A tutorial in German language for children

A tutorial in German language for children Processing and Python It is easy to get our hands on millions of words of text. What can we do with it, assuming we can write some simple programs? What can we achieve by combining simple programming techniques with large quantities of text? How can we automatically extract key words and phrases that sum up the style and content of a text?

What tools and techniques does the Python programming language provide for such work? What are some of the interesting challenges of natural language processing? This chapter is divided into sections that skip between two quite different styles. In the “computing with language” sections we will take on some linguistically motivated programming tasks without necessarily explaining how they work. In the “closer look at Python” sections we will systematically review key programming concepts. We’ll flag the two styles in the section titles, but later chapters will mix both styles without being so up-front about it.

If the material is completely new to you, this chapter will raise more questions than it answers, questions that are addressed in the rest of this book. 1   Computing with Language: Texts and Words We’re all very familiar with text, since we read and write it every day. But before we can do this, we have to get started with the Python interpreter. Type “help”, “copyright”, “credits” or “license” for more information. If you are unable to run the Python interpreter, you probably don’t have Python installed correctly. Python interpreter is now waiting for input.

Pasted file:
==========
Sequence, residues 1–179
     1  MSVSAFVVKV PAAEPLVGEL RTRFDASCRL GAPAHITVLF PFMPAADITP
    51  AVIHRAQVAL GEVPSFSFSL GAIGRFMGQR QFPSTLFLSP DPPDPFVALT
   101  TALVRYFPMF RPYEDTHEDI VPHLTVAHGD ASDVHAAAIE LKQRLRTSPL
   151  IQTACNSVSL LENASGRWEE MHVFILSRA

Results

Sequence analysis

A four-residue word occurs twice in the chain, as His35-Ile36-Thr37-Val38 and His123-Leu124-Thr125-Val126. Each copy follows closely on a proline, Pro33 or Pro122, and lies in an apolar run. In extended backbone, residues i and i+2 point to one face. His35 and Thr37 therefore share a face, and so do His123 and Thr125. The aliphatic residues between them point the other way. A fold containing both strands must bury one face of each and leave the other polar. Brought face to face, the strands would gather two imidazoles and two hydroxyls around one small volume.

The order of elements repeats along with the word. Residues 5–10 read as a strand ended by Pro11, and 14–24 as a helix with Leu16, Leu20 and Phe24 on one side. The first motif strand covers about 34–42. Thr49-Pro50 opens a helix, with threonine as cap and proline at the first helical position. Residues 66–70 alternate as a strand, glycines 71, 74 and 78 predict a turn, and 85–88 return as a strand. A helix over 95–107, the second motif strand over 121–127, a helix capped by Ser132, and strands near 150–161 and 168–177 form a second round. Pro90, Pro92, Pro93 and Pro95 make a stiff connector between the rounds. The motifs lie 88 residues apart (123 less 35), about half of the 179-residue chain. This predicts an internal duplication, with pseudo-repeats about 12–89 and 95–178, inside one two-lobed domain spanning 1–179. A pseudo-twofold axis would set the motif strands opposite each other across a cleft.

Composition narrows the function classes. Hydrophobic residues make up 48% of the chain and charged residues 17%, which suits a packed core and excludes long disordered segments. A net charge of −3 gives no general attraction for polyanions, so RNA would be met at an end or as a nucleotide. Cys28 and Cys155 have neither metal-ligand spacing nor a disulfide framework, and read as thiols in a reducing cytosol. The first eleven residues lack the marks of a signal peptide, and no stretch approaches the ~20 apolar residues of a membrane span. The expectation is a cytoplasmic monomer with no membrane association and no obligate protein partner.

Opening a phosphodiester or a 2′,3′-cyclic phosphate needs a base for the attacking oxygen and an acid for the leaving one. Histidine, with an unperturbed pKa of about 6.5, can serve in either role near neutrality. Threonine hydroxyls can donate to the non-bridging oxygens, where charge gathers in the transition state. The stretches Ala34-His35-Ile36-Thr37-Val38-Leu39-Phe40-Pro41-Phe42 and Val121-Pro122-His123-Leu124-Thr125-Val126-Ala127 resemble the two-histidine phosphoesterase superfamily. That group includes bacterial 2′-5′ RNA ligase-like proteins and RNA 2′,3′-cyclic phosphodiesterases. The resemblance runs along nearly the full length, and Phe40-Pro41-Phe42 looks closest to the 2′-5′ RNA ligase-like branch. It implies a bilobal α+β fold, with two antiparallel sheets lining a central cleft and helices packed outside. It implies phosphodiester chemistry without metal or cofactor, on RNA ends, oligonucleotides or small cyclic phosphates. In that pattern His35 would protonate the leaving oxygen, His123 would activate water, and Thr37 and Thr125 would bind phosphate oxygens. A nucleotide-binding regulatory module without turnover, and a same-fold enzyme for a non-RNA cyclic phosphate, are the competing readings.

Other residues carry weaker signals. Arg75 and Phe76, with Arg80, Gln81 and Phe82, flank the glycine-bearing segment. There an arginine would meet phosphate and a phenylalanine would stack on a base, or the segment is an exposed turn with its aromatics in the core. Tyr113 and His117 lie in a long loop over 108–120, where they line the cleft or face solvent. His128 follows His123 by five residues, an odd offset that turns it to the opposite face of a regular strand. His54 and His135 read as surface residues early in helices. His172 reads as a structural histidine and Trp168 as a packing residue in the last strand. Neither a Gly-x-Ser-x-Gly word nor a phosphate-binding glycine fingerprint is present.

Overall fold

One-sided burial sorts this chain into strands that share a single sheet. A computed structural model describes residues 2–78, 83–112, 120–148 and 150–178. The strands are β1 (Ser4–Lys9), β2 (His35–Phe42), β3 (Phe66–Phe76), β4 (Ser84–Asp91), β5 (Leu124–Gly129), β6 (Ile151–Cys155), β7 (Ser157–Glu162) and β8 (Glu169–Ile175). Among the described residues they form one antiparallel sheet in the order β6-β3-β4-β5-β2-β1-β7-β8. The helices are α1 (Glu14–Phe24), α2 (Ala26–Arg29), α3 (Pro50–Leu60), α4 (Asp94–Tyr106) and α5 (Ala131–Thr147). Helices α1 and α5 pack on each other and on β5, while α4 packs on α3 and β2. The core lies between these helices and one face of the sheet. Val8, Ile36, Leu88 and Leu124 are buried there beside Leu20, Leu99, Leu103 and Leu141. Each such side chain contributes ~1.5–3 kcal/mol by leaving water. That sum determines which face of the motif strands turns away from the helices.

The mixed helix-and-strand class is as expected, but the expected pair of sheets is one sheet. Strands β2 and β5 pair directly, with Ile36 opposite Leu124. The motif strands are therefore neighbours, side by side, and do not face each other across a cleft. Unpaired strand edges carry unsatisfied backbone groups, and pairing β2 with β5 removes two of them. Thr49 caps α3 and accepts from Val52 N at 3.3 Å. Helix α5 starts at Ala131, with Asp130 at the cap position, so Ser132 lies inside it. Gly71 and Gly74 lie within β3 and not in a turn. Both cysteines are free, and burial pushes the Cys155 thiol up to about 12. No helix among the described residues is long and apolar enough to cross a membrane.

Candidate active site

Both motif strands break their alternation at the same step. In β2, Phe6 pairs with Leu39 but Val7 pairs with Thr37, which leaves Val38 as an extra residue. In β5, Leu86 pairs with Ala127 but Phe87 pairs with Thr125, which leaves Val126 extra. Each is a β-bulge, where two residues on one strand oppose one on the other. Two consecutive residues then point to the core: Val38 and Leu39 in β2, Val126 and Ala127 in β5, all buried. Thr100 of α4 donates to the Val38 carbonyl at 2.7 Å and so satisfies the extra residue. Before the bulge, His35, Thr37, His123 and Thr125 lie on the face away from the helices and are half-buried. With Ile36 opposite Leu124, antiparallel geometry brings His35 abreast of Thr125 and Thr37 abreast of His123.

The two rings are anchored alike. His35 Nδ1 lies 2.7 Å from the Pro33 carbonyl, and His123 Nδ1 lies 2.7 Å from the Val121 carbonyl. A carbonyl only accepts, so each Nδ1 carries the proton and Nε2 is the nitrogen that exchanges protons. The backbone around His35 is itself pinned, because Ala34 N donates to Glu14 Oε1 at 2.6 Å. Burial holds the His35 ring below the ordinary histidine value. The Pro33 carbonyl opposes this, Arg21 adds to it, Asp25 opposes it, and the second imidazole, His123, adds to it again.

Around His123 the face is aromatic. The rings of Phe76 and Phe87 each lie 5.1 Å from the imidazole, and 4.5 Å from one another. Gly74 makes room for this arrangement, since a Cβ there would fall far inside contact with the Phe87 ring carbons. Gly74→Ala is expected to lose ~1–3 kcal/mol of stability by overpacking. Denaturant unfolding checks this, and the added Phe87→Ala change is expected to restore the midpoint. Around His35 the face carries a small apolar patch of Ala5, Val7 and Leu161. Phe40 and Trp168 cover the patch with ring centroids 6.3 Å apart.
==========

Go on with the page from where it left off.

Once the interpreter has finished calculating the answer and displaying it, the prompt reappears. This means the Python interpreter is waiting for another instruction. Your Turn: Enter a few more expressions of your own. The preceding examples demonstrate how you can work interactively with the Python interpreter, experimenting with various expressions in the language to see what they do. In Python, it doesn’t make sense to end an instruction with a plus sign. Now that we can use the Python interpreter, we’re ready to start working with language data. 2   Getting Started with NLTK Before going further you should install NLTK 3.